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Doce me, Domine Jesu, facrum hoc institutum tali facro modo

tractare, et conatus meos gratia tua adeo secunda, ut indignus ufus corporis et sanguinis tui judicium, meum aut eorum qui me audient, nunquam aggravet; sed facrifici tui memores semper digni fieremus participes. Amen.

LUKE xxii. 19. The Words of Jesus Christ when he ordained the

Sacrament of the Lord's Supper:


T. Paul concludes his first epistle to the

Corinthians with these remarkable words: -If any man love not the Lord Jesus Christ, let bim be anathema maranatha.

Now, if the generality of Christians can hear these words without trembling, it must be either because they do not understand, or they do not consider them. For the meaning and the direction is this:-If any Christian amongst you shews by his life and behaviour,

John vi. 26, 51, 53, 53• 1 John i. 7. and ï. 28.


a See Deut. xvi. 12.

1 Cor. x. 16.




that he does not love the Lord Jesus, let such a man be separated from your communion, as being under the displeasure of Almighty God.

I dare say, that few Christians, when they hear these words, do think themselves at all concerned in them. We are all but too apt to conclude the best for ourselves, and to think it impossible not to love Jesus Christ, by whose merits and mediation we hope to be saved. But let us not deceive ourselves. Let us ra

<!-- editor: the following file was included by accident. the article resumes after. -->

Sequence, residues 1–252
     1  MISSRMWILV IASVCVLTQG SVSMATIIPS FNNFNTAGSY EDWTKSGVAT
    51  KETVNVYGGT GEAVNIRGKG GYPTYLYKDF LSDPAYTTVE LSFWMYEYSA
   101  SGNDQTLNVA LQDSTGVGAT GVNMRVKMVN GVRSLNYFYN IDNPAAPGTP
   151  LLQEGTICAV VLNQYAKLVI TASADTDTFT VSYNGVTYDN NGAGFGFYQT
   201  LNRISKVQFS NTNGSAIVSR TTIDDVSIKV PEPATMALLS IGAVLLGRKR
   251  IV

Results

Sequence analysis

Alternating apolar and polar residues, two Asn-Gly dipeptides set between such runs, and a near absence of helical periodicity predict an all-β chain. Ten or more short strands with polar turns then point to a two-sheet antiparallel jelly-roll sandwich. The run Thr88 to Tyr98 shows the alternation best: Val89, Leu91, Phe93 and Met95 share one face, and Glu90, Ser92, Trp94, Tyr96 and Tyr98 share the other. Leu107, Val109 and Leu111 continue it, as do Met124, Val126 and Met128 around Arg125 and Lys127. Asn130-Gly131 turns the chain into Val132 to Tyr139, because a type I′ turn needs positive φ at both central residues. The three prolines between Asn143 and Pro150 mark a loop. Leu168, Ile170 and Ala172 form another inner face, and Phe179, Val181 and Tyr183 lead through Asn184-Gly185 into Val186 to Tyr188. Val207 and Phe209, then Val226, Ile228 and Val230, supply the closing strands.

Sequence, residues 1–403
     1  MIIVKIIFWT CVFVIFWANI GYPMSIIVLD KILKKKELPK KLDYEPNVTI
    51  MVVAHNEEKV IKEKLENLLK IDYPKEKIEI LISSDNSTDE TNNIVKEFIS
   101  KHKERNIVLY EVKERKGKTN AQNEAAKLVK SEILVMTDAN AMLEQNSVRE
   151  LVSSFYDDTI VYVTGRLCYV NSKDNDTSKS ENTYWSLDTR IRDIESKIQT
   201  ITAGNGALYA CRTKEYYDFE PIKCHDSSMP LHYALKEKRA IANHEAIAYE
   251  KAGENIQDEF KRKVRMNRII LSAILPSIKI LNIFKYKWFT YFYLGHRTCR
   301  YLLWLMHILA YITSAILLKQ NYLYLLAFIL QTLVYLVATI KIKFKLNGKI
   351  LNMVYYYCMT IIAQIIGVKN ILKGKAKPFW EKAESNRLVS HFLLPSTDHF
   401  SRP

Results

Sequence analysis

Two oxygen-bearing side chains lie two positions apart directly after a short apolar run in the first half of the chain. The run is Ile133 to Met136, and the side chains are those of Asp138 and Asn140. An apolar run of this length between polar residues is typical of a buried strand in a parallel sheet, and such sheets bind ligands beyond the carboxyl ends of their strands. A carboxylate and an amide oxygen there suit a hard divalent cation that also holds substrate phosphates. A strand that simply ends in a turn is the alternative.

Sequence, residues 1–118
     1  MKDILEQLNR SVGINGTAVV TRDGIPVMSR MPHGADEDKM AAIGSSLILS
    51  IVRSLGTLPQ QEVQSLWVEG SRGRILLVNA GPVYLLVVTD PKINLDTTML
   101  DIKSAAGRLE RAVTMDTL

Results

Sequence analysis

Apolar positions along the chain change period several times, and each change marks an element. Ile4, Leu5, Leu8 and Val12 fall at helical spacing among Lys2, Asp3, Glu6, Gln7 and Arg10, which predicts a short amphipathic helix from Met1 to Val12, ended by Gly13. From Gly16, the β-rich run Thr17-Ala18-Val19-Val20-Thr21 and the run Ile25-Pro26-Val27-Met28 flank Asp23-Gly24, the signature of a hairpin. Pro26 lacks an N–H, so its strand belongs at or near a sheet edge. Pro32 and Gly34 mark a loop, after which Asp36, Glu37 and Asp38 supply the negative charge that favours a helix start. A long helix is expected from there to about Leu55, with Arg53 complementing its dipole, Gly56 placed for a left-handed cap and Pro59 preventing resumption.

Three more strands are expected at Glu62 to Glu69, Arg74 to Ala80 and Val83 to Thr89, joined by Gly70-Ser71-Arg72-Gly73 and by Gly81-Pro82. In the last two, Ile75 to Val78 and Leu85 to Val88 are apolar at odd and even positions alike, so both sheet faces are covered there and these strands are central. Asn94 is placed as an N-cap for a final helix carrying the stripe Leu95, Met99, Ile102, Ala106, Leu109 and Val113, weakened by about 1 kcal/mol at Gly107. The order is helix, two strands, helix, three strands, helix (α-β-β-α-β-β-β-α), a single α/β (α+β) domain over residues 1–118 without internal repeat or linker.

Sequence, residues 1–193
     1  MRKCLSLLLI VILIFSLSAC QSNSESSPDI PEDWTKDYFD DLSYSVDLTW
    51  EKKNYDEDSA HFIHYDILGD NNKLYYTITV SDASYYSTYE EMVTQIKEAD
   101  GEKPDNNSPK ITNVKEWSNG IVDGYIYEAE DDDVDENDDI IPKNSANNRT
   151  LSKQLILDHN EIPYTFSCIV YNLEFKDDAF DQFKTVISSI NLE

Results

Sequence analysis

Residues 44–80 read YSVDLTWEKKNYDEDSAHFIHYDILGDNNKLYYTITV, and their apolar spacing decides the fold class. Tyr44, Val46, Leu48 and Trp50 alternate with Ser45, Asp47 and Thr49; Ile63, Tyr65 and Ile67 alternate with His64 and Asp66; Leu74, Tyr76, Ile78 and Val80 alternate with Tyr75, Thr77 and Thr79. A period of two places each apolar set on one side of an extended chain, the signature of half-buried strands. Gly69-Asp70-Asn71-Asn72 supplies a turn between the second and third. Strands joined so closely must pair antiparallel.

every man, ask himself-How is it that I behave myself to my benefactors, and to those whom I do really love? If any man has done me a very great service,-if a man has promised me any great favour,- I love to speak of him, and of the kindness he has done or promised me, I often think of him, and with a thankful mind,-and I fully resolve never to do any thing which may disoblige him.

Is it thus we love the Lord Jesus Christ? Would to God we could all truly say fo. However, let us consider what he has done for us, and see how it will affect our hearts.

When the whole race of mankind was una der the displeasure of Almighty God,-had forfeited all pretence to immortal happiness, and had become liable to eternal death,Jesus Christ undertook to obtain our pardon, and to restore us to the favour of God.

But the sin had spread so far and wide, that this could not be done without a suitable fatisfaction to the justice of God. God had de



clared, that the disobedience of Adam should be punished with death. His truth was at stake, and the offender, and all his posterity, were under his displeasure.

Jesus Christ therefore, moved with compassion for so great a calamity, left the glories of heaven, and took upon him our nature, that, as man, he might suffer what our sins had deserved, and that, as the Son of God, the fatisfaction might be sufficient for the fins of the whole world. In short, he laid down his life for us; and by that most worthy sacrifice, he not only made our peace with God, and delivered us from eternal death; but obtained of God his father, an assurance of eternal life and happiness for all such as would become his faithful servants.

And that such might be distinguished from all others, he appointed an holy ordinance, to preserve the memory of these mighty blessings till his coming again; requiring all his faithful followers, all who expect any benefit by his death, to commemorate the same after the manner he ordained the night before he suffered.